Improving Employee Performance Through Feedback
My mother used to say, “If you don’t have something nice to say, don’t say anything at all.”
She was talking about being a polite person in society. She was not talking about being a manager whose company depended on her to manage employees for the success of their business.
A manager needs to give their employees feedback. It’s the only way they’re going to improve. You can give them a spoonful of sugar to help the medicine go down but ultimately you have to tell it to them straight: This is what’s wrong with your performance.
Okay, I’m being a bit facetious when I say tell them “This is what’s wrong with your performance,” you can say it nicer than that, the point is to not beat around the bush when an employee isn’t performing to your expectations.
2 Principle Components For Giving Employee Feedback
- Employee feedback should be constructive—meaning you should explain to them what they need to do to improve and why. If you don’t tell your employee what they aren’t doing right, how can you expect them to be the employee you want them to be? Unless they’re telepathic, (which would be so cool), they won’t know what they’re doing wrong until you tell them. And you need to tell them how they can do it better.
- Feedback should be done frequently. DO NOT wait until your company mandates it’s time for an annual performance review to tell your employee where they need improvement. Tell them immediately, or as soon as possible, when you notice issues with their work.
How To Give Employee Feedback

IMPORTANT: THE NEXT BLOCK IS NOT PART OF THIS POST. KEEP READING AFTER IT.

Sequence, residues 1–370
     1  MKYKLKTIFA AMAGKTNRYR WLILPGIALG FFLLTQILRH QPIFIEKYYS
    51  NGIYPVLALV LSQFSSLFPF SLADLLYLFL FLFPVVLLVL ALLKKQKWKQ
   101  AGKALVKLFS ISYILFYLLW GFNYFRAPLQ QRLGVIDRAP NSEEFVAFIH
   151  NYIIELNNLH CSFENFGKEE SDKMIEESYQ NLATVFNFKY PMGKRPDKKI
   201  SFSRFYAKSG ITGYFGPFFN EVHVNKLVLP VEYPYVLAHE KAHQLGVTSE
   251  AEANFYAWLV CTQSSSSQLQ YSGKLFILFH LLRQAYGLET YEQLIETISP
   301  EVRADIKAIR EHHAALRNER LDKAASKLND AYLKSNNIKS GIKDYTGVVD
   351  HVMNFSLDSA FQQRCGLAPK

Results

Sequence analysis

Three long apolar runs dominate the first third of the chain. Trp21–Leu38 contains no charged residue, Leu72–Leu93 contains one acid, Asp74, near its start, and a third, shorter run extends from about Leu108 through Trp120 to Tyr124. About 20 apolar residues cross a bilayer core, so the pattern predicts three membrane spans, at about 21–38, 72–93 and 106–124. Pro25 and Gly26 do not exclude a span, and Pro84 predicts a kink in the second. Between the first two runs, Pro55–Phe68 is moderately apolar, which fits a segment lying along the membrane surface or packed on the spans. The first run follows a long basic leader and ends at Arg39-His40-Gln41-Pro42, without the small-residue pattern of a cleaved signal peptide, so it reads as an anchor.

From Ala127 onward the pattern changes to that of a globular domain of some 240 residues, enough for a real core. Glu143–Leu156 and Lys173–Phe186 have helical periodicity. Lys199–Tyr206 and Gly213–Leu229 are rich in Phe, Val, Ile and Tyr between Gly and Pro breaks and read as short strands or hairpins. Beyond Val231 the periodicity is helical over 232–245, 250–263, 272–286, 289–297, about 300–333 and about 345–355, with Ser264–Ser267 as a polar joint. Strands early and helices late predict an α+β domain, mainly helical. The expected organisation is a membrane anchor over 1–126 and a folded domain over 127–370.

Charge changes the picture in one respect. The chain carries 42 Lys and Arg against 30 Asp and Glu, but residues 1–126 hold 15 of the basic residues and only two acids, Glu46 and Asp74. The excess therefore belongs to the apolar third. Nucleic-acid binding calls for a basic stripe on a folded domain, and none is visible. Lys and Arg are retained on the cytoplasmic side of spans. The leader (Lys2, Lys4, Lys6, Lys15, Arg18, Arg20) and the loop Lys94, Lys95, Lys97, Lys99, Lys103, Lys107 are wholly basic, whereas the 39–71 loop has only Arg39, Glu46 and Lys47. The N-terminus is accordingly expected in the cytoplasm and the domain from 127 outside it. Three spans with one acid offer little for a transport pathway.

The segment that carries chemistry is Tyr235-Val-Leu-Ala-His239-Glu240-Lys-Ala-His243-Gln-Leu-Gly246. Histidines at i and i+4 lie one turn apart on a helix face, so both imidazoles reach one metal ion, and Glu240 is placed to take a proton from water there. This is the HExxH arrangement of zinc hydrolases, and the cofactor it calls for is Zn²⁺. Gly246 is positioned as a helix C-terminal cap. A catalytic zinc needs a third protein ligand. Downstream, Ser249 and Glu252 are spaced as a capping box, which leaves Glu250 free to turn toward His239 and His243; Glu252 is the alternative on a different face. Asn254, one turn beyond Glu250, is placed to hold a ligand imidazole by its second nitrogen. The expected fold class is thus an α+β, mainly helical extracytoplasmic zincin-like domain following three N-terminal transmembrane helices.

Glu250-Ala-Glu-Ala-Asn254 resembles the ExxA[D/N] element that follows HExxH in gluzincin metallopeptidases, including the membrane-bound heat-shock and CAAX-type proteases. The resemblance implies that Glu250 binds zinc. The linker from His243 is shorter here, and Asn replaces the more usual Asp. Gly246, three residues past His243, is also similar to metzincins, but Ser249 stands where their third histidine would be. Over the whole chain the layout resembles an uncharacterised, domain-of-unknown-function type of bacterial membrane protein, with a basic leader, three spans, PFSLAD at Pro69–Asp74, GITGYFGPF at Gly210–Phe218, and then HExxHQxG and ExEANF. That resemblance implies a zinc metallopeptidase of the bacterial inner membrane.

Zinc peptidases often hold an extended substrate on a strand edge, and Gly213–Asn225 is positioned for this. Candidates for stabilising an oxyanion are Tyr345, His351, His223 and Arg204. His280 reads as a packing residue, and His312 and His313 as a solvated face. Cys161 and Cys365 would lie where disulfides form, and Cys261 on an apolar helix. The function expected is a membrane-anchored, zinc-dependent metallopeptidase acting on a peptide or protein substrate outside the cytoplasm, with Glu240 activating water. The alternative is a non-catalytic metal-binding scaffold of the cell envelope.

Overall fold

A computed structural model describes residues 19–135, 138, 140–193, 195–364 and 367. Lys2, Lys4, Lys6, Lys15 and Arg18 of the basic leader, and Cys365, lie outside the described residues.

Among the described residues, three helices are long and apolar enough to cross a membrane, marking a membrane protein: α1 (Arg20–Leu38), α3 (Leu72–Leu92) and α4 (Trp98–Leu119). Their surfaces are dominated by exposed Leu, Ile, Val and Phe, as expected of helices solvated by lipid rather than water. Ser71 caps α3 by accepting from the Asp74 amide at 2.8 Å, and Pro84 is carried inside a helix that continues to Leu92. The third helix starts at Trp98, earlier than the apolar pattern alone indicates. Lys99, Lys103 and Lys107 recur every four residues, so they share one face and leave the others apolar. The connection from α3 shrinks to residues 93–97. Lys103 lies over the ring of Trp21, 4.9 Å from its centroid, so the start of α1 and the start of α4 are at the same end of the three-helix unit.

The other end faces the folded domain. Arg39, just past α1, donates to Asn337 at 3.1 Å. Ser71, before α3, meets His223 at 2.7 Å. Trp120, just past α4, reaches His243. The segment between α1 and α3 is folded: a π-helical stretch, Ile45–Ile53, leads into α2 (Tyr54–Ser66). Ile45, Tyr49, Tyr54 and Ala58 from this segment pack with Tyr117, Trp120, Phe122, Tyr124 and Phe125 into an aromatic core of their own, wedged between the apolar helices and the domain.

- Be Prepared
When I say be prepared, I mean prepare the conversation you’re going to have with your employee.
- Write out the points you want to discuss.
- Include notes with specific examples of the problem behaviors.
- Order your points so that the most important points go first. This will help ensure that they’re paying attention.
- Mix in some positive feedback, (what they’ve done well), so they don’t feel like complete failures.
You also need to prepare a date and time as well as a place to have the conversation. Pick a date and time where you won’t be taking the employee away from an urgent task. Choose a time of day when the employee is likely to have less occupying their mind. For instance, don’t have the meeting too close to the end of the day because their mind will be on going home.
- Schedule yourself enough time
Make sure to make space in your daily agenda for the meeting that allows you enough time to get through your points and gives the employee time to respond, ask questions and discuss your points.
- Be Human
Look at the situation from the employee’s point of view. Nobody likes to hear that they suck, (even if you don’t say those words exactly).
Imagine that you’re them: Can you feel your cheeks become flush as you fight back tears? Is your heart sinking? Do you feel terrible about yourself?
These are some, if not all, of the feelings your employee will experience when you give them feedback. Keep these in mind and have some compassion. Reassurances that you still value them and that they’re not in trouble may seem a bit like empty platitudes, (unless it’s true, in which case tell them A LOT), but it’s the spoonful of sugar we were talking about.
Most of all, try to remember that you want them to improve. Hiring is a lot of work, it’s a lot better to work on improving your current employee’s behavior than to go shopping for their replacement.
**Parts of this post first appeared on Herd Wisdom.com**